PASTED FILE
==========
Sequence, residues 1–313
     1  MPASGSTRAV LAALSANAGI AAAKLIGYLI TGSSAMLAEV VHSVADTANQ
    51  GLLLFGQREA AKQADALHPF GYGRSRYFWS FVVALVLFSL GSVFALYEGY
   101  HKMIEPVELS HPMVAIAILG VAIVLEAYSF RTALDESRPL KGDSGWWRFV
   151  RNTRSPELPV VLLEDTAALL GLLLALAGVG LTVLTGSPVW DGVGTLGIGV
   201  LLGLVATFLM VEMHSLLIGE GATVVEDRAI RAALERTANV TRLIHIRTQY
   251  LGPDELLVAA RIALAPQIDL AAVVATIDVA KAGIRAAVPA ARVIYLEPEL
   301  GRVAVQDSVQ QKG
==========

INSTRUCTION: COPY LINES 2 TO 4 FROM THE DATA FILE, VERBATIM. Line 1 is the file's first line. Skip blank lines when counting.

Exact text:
     1  MPASGSTRAV LAALSANAGI AAAKLIGYLI TGSSAMLAEV VHSVADTANQ
    51  GLLLFGQREA AKQADALHPF GYGRSRYFWS FVVALVLFSL GSVFALYEGY
   101  HKMIEPVELS HPMVAIAILG VAIVLEAYSF RTALDESRPL KGDSGWWRFV